 HTF C P HTF

 .THTF  .( HTF VHTF .THTF )  .( HTF THTF ) t

(13)



where, VHTF is the velocity of the HTF. The flow of the HTF can be described by the Navier-Stokes equation:

 HTF

     VHTF   HTF VHTF .VHTF  .[  HTF (VHTF  (VHTF )T ) ]  p HTF t

(14)

4.4. Initial and boundary conditions 4.4.1 Initial conditions During charging, the MH temperature and the hydrogen pressure as well as the PCM temperature are assumed to be uniform. Therefore,

T 0  579 K , P0 15bar 4.4.2 Boundary conditions The boundary conditions are defined as follows: 12

(15)

(1) Adiabatic wall (or symmetric boundary condition):   TMH .n  TPCM .n  0

(16)

 where, n represents the normal vector to the corresponding wall.

(2) Hydrogen inlet boundary condition: T .n  0

(17)

(3) The inter-phase boundary conditions for the domain MH bed/PCM: 



MH .TMH .n  PCM .TPCM .n

(18)

(4) At the interface between HTF and PCM or MH bed, no-slip condition is specified for velocities and coupled temperature to allow conjugate heat transfer. (5) Inlet/Outlet boundary conditions of the HTF depend on the configurations, which are defined as follows: Case 2: - At the inlet, mass flow rate and temperature of HTF are specified as 0.005 kg/s and 579 K respectively. -At the outlet, the mass flow rate is assumed to be delivered at an atmospheric pressure and the gradient of the HTF temperature is zero. Case 3: HTF is circulated out from PCM domain (outlet) and it is circulated back to the MH bed (inlet) with the same mass flow rate (0.005 kg/s) and temperature as shown in Fig. 1c. Recirculation boundary condition is specified at the inlet.

4.5. Model validation and computational procedure

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The mathematical model developed in this study was validated through a similar model used in a previous study [30] which comprises of two components, MH bed and PCM storage, and allows a conjugate heat transfer between MH bed and PCM. The computational domains were created in the commercial software GAMBIT 2.3.16. It was also used for meshing and specifying computational domains with initial and boundary conditions. Fluent 6.3.26 was used for simulation. User-defined functions (UDF) were written in C language to calculate the kinetic reaction rate of the hydriding process and the equilibrium pressure of MH bed. The first-order upwind differencing scheme was used for solving the momentum and energy equations. 5. Results and discussion 5.1. Impact of the HTF pipe in the MH-PCM tank Each of the configurations is studied to understand the influence of integrating a HTF pipe on the performance of the MH-PCM tank by evaluating filling time of hydrogen and the percentage of heat of reaction stored in PCM. In order to find the best performance of the MHT-PCM systems, the quantity of MH and PCM, the boundary and the initial conditions (15 bar, initial temperature of 579 K) were kept the same for each of the three configurations. The molten-salt (Sandia Mix) is used as the HTF. 5.1.1 Study on configuration-1 The absorption process is simulated for Case 1 in which the heat of reaction (heat flow Qw) is transferred to the PCM medium directly through the inter-surface wall. The three dimensional temperature distributions in MH-PCM system and the liquid fraction in PCM domain at different instants (7000 s, 22000 s and 50000 s) are shown in Fig. 2. The temperature is quite uniform over the entire MH bed except at the inter14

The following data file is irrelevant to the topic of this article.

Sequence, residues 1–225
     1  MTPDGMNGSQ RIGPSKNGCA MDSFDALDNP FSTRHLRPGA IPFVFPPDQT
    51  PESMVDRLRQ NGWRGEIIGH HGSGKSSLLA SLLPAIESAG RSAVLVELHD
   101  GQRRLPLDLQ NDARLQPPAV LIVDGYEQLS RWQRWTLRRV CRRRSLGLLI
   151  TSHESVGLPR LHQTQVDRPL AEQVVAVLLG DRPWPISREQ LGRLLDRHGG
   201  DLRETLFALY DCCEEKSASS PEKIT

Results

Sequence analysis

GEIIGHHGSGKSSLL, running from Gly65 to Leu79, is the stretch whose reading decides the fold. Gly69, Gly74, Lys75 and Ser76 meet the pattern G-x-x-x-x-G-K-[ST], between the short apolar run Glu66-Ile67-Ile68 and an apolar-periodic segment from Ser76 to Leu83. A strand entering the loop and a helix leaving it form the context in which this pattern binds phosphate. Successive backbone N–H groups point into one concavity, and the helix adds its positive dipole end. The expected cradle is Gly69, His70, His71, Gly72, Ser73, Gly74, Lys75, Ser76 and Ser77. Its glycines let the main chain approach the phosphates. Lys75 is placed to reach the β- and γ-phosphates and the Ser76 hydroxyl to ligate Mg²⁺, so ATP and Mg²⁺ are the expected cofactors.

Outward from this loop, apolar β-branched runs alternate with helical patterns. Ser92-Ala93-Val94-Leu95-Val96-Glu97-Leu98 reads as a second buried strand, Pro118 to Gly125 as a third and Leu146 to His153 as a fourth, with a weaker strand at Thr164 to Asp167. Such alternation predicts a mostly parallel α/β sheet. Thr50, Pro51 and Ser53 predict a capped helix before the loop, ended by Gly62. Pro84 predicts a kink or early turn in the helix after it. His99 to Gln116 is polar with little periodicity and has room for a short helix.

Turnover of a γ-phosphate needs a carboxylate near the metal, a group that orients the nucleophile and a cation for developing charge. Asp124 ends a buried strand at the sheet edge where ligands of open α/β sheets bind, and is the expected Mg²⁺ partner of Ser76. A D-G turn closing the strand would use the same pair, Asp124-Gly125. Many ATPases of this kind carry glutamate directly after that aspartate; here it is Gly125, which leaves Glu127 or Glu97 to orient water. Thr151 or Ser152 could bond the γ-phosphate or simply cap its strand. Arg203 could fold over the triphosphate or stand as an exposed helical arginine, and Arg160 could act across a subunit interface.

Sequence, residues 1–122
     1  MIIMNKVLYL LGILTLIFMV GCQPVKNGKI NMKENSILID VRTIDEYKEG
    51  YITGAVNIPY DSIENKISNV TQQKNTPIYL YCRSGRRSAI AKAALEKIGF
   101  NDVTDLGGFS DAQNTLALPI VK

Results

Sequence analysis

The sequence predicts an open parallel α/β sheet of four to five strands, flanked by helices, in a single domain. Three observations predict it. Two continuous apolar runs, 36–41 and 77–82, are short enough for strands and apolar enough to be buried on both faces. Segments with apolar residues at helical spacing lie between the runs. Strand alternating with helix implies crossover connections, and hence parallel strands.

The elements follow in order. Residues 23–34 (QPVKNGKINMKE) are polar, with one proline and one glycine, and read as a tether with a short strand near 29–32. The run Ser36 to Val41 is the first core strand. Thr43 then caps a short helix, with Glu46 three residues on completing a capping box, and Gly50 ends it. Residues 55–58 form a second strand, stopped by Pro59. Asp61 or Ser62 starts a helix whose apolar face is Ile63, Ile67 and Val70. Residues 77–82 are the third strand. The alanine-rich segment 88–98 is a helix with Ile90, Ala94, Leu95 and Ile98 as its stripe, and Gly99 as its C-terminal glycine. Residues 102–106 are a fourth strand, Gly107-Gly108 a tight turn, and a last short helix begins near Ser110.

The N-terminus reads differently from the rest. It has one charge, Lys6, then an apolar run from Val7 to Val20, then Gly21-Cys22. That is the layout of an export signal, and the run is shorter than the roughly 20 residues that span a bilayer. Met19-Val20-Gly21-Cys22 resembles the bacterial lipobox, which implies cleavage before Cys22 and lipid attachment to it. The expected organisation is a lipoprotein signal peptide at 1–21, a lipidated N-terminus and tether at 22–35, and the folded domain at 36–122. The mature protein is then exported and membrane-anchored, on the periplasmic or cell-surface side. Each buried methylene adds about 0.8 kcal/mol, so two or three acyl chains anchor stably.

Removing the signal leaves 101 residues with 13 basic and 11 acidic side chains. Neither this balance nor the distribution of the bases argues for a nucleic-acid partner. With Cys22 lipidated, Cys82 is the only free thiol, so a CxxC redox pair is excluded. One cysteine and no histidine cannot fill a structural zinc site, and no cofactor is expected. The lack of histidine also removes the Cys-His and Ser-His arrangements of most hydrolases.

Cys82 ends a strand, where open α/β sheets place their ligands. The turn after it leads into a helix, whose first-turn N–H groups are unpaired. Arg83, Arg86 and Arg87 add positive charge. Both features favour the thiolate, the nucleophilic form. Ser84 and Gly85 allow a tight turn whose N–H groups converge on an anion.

surface of the MH bed and the PCM domains because the heat released from the MH bed is transferred to PCM through the wall (Fig. 2a). Near the inter-surface, the MH bed temperature is lower compared to a region away from the PCM. The melting process of the PCM is faster in the vicinity of the inter-surface and leads to higher melting rate compared to region farther to the inter-surface (Fig. 2b). Hydriding MH bed requires large temperature gradient to conduct the heat of reaction to the PCM domain due to its low thermal conductivity. The high temperature prevailing farther from the PCM domain increases the corresponding equilibrium pressure, thereby reducing the reaction rate. For this configuration, Fig. 3 shows that the heat flow Qw through the inter-surface rises at the beginning of the loading process and finally tends to zero. This behavior can be explained by the fact that the MH bed is completely hydrided. Thereafter, the generation of heat reaction is stopped. 5.1.2 Study on configuration-2 In Case 2, heat of reaction released in the proximity to the heat exchanger tube is extracted from the MH bed by HTF pipe and delivers it to the environment as waste heat (heat flow Qf). While, the heat released near the lateral wall of MH bed is stored in the PCM cylindrical jacket (heat flow Qw). The three dimensional temperature distributions in MH-PCM system and the liquid fraction in PCM domain at different instants (1000 s, 2000 s and 2500 s) are shown in Fig. 4. It can be noted that the temperature at the vicinity of the HTF pipe is lower and further decreases gradually than that at the inter-surface of the PCM medium with the absorption process (Fig. 4a). This can be explained by the fact that the HTF flows through the tube extracts the reaction heat by the cooling effect of the fluid. On the 15